Although the circuit is unsuitable for high-performance or microprocessor-based applications, it can be used to supply pre-programmed bit patterns to discrete logic circuits. It also provides an excellent demonstration of basic memory operation.

There are eight rows and eight columns, yielding 64 bits of memory. Two demultiplexers allow access to a particular memory cell. One demultiplexer de codes the row and one decodes the columns. A 74138 1-of-8 decoder selects the row, and a 74157 quad two-input multiplexer selects the columns. Address lines Al A3 drive the 74138 to select which one of eight rows will be pulled to ground. The columns are arranged in pairs; address line A0 determines which member of a pair is connected to the output.

The 1N270 diodes determine the bit pattern in the circuit. Germanium diodes are used because of their low forward voltage drop (0.3 volts); silicon diodes have a higher voltage drop and will not work with TTL IC's.

Every column is pulled high via a pull-up resistor. If a diode is absent when a particular row is selected, the column will provide a 5-volt output. However, if a diode is in place, it will be forward biased via the pull-up resistor, through the 74138, and then to ground. The corresponding out put thus becomes a logical 0.

For example, if address 0000 is selected, 74138 output YO (row 0) is connected to ground, and all 74157 inputs are connected to the B position. Because there are diodes connected to each the B inputs in row 0, the output would be 0000. If the address was 0001, row 0 remains selected, but the 74157 inputs are switched to the A position. The A cells have no diodes, so all outputs would be high (1111).

Parallel memory

Semiconductor memories (both temporary and permanent) can be placed in parallel to in crease the number of data bits available per address, as shown in Fig. 10. The circuit is built from several 2147 SRAM's (4096 x 1). By connecting the ad dress and control lines in parallel, the same address in all IC's will be selected simultaneously.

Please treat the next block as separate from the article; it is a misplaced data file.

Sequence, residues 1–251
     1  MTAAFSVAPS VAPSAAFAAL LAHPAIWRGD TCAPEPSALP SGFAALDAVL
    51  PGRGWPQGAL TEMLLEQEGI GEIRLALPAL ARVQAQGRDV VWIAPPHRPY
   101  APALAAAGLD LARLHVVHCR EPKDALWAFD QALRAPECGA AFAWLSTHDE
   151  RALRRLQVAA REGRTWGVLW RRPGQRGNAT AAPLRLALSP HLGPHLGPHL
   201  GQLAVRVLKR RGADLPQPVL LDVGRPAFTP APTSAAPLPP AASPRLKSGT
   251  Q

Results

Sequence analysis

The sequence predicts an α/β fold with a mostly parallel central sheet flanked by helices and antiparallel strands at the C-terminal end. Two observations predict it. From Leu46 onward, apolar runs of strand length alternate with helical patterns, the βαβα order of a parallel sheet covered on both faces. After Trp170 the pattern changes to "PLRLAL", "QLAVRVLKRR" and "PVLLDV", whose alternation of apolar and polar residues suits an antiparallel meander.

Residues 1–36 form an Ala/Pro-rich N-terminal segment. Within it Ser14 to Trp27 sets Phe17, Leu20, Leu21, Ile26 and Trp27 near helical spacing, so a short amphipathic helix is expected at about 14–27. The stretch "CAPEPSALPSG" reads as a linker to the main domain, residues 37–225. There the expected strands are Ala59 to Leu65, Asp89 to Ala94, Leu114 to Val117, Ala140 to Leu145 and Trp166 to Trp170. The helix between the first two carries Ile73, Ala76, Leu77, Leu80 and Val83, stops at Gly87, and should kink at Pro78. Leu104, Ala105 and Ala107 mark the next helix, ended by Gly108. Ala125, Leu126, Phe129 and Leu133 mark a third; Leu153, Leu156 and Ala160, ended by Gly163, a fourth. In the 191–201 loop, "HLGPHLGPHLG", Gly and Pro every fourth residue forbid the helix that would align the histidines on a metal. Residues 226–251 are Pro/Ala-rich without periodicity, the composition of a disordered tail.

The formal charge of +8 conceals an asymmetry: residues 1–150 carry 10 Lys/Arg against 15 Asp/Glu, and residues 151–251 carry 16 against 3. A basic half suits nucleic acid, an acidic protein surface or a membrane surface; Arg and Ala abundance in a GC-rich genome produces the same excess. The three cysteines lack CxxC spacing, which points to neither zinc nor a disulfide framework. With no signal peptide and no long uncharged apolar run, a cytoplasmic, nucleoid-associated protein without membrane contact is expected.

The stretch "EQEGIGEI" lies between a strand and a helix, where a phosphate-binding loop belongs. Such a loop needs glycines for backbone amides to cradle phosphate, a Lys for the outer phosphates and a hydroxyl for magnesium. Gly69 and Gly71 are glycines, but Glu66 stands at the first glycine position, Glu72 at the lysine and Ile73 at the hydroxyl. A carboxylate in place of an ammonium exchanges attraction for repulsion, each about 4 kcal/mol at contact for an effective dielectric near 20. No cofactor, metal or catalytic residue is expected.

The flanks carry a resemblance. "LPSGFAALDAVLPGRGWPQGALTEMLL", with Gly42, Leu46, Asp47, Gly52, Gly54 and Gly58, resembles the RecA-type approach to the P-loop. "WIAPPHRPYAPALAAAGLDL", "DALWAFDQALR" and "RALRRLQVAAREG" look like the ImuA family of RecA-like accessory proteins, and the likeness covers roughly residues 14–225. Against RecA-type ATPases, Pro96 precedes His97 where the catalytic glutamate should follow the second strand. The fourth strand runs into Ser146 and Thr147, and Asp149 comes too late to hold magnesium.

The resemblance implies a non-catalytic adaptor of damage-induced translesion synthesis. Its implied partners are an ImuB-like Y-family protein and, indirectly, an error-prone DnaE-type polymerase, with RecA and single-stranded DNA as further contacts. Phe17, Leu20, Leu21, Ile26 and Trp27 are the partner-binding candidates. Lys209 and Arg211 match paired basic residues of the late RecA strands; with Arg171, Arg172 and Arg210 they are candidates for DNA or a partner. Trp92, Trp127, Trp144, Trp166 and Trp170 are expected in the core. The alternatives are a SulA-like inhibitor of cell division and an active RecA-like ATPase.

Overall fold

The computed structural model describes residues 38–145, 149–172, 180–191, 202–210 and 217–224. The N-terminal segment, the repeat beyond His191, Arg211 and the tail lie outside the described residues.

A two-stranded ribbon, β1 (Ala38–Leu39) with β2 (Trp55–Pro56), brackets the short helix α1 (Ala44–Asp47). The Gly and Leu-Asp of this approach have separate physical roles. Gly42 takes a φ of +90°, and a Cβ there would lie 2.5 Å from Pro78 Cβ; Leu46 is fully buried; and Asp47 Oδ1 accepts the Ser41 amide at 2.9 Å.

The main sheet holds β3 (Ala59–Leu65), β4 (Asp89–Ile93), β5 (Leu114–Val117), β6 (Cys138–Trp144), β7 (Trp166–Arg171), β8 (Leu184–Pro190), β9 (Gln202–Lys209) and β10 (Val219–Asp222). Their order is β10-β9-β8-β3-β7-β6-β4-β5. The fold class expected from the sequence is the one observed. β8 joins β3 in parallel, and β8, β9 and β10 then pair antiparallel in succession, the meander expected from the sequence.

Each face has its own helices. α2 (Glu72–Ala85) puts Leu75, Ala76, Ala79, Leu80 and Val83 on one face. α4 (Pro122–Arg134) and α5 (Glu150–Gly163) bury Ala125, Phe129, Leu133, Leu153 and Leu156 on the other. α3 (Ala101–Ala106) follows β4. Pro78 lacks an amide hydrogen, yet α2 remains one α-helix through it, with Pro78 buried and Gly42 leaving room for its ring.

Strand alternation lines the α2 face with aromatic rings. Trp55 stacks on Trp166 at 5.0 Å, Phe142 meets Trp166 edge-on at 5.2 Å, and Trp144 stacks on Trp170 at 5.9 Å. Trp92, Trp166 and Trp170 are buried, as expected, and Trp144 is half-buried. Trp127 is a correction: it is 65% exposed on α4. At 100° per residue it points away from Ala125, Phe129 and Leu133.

The data bits, of course, are kept separate. You could just as easily place 8, 16, or 32 IC's in parallel to create 4K x 8, 4K x 16, or 4K x 32 memory blocks.

Conclusion

Memory is an integral part of the high-tech revolution. Even the most basic processing circuit would be useless without some sort of memory to store variable data.


FIG. 10--BLOCK DIAGRAM OF A 4K x 4 static RAM array-parallel memory IC's increase bus capacity.

As you can see from our com parison of the many different permanent memory devices, there are distinct advantages and limitations to each type. What you choose depends on your individual needs-the ROM is inflexible but rugged, while the PROM can be programmed by the user, but only once because it can't be eras ed. The EPROM can be programmed and erased over and over again but uses a lot of power and space, while the EEPROM can be programmed while in circuit, but is slow.